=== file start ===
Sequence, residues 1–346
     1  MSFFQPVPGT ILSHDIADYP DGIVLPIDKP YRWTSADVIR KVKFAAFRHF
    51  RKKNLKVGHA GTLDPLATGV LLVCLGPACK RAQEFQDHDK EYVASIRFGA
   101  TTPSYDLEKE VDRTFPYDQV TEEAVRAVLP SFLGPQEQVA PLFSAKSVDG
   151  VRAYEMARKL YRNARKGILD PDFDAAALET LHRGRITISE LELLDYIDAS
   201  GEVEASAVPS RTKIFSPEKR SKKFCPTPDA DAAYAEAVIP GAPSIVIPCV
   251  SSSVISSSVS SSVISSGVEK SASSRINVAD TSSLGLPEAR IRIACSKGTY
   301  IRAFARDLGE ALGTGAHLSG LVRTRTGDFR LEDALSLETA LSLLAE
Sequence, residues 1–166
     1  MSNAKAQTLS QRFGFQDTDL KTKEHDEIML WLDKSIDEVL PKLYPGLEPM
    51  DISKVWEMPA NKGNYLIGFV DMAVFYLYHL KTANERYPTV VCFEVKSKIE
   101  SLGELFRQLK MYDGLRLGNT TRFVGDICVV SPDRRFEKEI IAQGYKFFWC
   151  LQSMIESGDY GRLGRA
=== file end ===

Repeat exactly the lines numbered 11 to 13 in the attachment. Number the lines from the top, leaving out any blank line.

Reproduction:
    51  DISKVWEMPA NKGNYLIGFV DMAVFYLYHL KTANERYPTV VCFEVKSKIE
   101  SLGELFRQLK MYDGLRLGNT TRFVGDICVV SPDRRFEKEI IAQGYKFFWC
   151  LQSMIESGDY GRLGRA